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$$f(m)=\sum^m_{j=1}(m-j)2^{j-1}$$ I've to understand what is a simple form of $f$ by computing some value of it, but I can't see a simple form of it, can anyone help me? I have also to give a combinatorally and inductive proof of the equality; with the inductive I think I won't have problems, but I'm not so good with the combinatorally proof, can any of you help me, please?

ok I got it, $f(m)=2^m-m-1$. Now I have to count the elements of a certain set in 2 ways to prove the equality, but I don't have any idea.

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Have you tried splitting the summation into two summations, for $m 2^{j-1}$ and $-j 2^{j-1}$, and solving those separately? –  TMM Sep 2 '11 at 1:01
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2 Answers 2

up vote 6 down vote accepted

HINT You are asked to find a combinatorial (or, bijective) proof of the identity $$ 2^{m}-m-1 = \sum_{j=1}^m (m-j) 2^{j-1} .$$

The left hand side counts the number of sets subsets of $\{ 1,2, \ldots, m \}$ with at least $\ldots$ elements. (Fill in the blank.)

Let us count the same thing in another way. Let $S$ be the set that we are trying to pick. Suppose that the second largest element of $S$ is $j$. Then,

  • How many elements of $S$ are strictly larger than $j$? In how many ways can you pick those elements?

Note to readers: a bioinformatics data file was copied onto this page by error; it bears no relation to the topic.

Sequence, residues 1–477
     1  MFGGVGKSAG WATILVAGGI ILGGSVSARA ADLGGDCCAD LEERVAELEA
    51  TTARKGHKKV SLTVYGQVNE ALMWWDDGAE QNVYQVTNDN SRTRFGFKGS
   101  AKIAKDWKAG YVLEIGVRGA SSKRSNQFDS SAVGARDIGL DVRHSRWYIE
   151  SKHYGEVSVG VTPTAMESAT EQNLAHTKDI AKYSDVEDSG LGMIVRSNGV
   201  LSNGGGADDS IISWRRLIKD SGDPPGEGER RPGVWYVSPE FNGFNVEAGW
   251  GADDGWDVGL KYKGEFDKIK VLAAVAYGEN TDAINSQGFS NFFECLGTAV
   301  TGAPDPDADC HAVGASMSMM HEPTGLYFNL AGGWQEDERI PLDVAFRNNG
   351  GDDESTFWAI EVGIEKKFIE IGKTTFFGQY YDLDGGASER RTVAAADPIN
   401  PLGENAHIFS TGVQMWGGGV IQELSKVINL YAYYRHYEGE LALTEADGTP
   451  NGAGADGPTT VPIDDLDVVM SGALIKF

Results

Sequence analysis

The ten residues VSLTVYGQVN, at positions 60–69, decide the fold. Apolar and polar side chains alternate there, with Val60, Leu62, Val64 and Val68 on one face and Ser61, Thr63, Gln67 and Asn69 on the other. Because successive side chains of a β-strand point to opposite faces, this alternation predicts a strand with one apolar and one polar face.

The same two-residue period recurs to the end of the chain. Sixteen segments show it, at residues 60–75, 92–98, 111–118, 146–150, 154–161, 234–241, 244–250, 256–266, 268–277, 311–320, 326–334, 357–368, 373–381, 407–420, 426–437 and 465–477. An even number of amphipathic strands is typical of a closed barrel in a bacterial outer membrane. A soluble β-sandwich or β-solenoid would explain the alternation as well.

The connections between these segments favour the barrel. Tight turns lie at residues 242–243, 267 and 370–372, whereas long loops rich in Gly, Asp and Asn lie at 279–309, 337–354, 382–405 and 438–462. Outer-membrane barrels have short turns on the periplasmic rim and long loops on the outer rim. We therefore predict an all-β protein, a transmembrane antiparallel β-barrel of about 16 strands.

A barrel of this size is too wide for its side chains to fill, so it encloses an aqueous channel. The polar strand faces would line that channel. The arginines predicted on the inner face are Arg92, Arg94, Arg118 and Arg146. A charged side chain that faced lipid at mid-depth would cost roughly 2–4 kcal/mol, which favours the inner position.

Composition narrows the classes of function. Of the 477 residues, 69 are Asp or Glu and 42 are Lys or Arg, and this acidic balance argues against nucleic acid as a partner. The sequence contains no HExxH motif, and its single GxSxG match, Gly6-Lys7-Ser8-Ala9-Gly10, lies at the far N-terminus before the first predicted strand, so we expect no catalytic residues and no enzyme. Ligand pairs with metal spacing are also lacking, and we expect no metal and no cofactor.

• We also need to pick the elements of $S$ that are strictly smaller than $j$. In how many ways can you do this?

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It probably helps to point out that in this argument we’re choosing $S$ from the set $\{1,2,\dots,m\}$. –  Brian M. Scott Sep 2 '11 at 3:40
    
@Brian Oh, of course. Thanks for pointing it out. –  Srivatsan Sep 2 '11 at 3:43
    
@ Srivatsan: Thanks, it helped. –  Alex M Sep 3 '11 at 0:34
    
@Alex Glad to help. –  Srivatsan Sep 3 '11 at 0:37
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If you compute the first terms, you get

0, 1, 4, 11, 26, 57, 120, 247, 502, 1013

and you look for that in the OEIS, you get to this page which informs you that the sequence is the sequence of Eulerian numbers, gives you various formulas for the numbers and lots of references where you will find more information.

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